This article was originally published on ETFTrends.com.
The first launch of an Italian-made Vega rocket since an in-flight failure almost a year ago has been rescheduled to at least Monday night due to potentially dangerous upper-level winds over the Vega launch base in Kourou, French Guiana. The rocket will hold a variety of small satellites made in the United States in what could mean foreign competition for U.S. rocket builders like SpaceX and Rocket Lab.
“Vega is super important for us in different ways, and for the small satellite market in particular. It makes us capable of delivering basically any mass to any orbit at any time,” Arianespace Vice President of Sales Stella Guillen told CNBC. “Vega is a very important solution for the increase in demand, especially in the U.S., for access to space for small satellites.”
Vega last launched in July 2019, on an unsuccessful mission that failed to reach orbit, after a problem resulted in the rocket splitting apart just minutes after liftoff. The rocket’s 16th launch, scheduled for Saturday from South America, represents Vega’s return to flight after months of Avio diagnosing the cause of the failure, which determined that super-hot gas from burning solid propellant impinged on the structure of the Vega rocket’s Zefiro 23 second stage on the mission last July, generating a “thermo-structural failure” on the second stage’s forward dome.
According to Giulio Ranzo, Avio’s CEO, investigators uncovered a “manufacturing anomaly” that was missed by Avio’s quality control checks.
“We had thermal protection (on the second stage) where the thickness was perhaps less than one millimeter short, so we had a very, very tiny deviation that was undetectable to all the quality checks,” Ranzo said in March during an interview with Spaceflight Now.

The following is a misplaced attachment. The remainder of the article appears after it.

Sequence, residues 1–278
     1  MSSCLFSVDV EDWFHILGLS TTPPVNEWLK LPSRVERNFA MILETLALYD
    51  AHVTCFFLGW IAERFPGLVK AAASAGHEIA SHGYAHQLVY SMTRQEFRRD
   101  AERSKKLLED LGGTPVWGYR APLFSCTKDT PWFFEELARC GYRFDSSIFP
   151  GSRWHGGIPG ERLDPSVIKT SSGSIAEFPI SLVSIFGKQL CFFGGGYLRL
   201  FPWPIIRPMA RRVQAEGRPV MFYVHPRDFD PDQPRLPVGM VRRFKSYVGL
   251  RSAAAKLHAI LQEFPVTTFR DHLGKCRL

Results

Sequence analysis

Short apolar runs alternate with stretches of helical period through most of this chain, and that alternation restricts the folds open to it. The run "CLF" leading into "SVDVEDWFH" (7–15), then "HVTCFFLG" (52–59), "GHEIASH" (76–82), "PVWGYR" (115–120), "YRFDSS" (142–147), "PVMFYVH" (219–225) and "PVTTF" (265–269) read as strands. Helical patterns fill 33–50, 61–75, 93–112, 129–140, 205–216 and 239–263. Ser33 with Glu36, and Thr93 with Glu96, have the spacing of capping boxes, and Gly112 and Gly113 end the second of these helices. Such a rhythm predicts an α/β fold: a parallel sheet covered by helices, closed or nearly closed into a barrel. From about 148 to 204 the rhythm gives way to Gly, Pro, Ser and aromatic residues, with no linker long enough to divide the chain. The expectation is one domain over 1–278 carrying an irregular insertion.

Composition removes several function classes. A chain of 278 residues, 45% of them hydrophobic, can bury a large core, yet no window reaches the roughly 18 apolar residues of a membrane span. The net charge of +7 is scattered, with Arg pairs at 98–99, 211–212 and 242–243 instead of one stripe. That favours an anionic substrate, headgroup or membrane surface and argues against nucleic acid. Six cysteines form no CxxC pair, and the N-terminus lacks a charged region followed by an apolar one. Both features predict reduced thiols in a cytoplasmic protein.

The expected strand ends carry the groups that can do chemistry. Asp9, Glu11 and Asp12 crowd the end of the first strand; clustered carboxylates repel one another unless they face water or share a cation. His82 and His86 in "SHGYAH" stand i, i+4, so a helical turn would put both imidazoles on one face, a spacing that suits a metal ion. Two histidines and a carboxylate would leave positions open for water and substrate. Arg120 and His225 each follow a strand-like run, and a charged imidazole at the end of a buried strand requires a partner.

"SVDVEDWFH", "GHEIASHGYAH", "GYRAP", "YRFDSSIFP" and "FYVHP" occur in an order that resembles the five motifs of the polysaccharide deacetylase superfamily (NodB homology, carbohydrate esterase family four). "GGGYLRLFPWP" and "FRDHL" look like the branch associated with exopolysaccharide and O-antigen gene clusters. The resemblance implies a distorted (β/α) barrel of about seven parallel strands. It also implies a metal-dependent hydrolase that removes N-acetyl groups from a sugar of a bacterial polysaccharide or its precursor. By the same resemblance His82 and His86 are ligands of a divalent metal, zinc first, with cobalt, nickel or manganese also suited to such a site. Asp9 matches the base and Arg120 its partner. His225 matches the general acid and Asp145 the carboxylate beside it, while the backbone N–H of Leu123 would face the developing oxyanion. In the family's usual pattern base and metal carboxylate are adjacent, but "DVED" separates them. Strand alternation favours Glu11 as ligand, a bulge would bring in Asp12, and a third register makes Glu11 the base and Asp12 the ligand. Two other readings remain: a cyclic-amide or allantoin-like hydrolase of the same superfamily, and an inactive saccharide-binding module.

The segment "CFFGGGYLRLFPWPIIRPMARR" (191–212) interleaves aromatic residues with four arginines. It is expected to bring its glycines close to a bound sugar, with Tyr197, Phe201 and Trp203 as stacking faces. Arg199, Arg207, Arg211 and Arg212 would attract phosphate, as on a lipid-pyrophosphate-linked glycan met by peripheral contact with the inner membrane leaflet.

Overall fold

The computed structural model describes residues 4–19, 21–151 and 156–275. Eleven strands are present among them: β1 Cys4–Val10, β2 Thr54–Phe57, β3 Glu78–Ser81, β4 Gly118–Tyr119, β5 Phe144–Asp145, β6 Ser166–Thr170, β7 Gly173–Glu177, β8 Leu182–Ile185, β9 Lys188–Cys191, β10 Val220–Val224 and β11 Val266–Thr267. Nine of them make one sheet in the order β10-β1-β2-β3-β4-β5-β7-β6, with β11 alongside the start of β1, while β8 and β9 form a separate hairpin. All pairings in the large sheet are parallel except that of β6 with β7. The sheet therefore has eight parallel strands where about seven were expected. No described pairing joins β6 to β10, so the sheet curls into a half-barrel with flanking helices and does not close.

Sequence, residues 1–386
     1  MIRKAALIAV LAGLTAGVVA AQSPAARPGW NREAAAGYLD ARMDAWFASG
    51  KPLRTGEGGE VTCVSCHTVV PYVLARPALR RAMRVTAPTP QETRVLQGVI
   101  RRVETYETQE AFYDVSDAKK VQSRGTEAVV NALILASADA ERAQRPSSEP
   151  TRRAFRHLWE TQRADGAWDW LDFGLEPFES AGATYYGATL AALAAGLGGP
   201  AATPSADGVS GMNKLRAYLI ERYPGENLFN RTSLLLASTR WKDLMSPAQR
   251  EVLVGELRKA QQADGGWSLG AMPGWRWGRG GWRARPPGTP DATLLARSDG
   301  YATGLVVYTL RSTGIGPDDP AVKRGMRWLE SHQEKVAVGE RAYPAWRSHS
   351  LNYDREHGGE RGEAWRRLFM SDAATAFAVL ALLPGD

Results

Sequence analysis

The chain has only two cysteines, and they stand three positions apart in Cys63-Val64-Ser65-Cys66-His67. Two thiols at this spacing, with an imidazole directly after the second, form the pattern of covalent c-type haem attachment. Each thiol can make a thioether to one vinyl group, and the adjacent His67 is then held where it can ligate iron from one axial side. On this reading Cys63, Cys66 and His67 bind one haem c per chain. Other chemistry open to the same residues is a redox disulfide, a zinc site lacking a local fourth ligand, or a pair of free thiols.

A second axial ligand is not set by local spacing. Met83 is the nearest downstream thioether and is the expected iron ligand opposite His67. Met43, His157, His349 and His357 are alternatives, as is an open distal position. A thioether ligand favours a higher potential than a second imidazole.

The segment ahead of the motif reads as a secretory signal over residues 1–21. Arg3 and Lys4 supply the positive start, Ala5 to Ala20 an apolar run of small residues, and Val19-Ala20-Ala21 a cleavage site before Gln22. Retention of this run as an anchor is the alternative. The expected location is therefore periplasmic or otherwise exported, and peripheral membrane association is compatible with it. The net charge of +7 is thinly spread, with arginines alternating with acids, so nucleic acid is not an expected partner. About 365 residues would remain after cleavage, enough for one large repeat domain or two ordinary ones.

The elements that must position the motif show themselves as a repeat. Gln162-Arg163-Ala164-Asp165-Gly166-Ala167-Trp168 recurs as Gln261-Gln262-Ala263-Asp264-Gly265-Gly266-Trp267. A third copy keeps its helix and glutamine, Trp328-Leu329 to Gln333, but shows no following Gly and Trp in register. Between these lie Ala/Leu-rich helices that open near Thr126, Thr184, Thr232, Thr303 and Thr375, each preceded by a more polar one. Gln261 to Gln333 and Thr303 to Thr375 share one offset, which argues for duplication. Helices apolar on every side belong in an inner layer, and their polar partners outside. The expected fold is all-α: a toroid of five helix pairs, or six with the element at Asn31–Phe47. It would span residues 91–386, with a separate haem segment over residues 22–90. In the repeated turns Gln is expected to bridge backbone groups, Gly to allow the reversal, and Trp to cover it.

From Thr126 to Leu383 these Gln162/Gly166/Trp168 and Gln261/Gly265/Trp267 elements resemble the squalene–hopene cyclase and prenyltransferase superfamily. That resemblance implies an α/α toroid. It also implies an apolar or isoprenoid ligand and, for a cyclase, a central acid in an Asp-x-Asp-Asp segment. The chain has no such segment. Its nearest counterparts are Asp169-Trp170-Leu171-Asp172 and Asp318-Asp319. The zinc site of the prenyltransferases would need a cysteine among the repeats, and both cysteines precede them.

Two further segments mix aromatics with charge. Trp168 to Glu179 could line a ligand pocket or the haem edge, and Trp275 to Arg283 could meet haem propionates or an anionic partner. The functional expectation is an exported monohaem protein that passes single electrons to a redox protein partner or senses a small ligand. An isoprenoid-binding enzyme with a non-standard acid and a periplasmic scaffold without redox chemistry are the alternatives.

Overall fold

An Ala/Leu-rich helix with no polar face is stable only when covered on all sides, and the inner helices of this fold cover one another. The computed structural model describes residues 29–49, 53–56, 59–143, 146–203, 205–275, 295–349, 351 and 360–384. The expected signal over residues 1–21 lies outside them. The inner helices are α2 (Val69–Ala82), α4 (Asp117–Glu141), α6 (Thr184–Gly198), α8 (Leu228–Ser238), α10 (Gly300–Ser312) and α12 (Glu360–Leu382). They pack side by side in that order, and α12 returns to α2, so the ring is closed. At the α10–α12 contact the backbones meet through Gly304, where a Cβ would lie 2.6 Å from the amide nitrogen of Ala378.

“So what we have done is we have greatly improved the technologies to allow for the manufacturing quality controls — using not only ultrasound but also digital radiography — in a much finer way with respect to work we used to do in the past,” Ranzo said.
Additionally, this launch will see Vega carry 53 spacecraft, in increasingly common practices in the industry known as “ridesharing.” This is the first demonstration of the satellite dispenser Arianespace created to facilitate more of these types of launches.
“This Vega launch is important because it’s not easy to put a bunch of different satellites, all kinds of different applications, together in one launch,” Guillen said.
While Vega could represent competition for companies like Space X, earlier this month, “Elon Musk’s private space company launched NASA astronauts Bob Behnken and Doug Hurley into orbit, successfully beginning SpaceX’s first crewed mission. The company’s Falcon 9 rocket and Crew Dragon spacecraft took off from NASA’s Kennedy Space Center in Florida at 3:22 p.m. ET. The capsule is the first privately designed and built spacecraft to carry astronauts to space and is bound for the International Space Station,” a CNBC report explained. “Beyond the achievement for SpaceX, the launch represents the first time NASA has launched its own astronauts since the end of the space shuttle program nearly a decade ago.”
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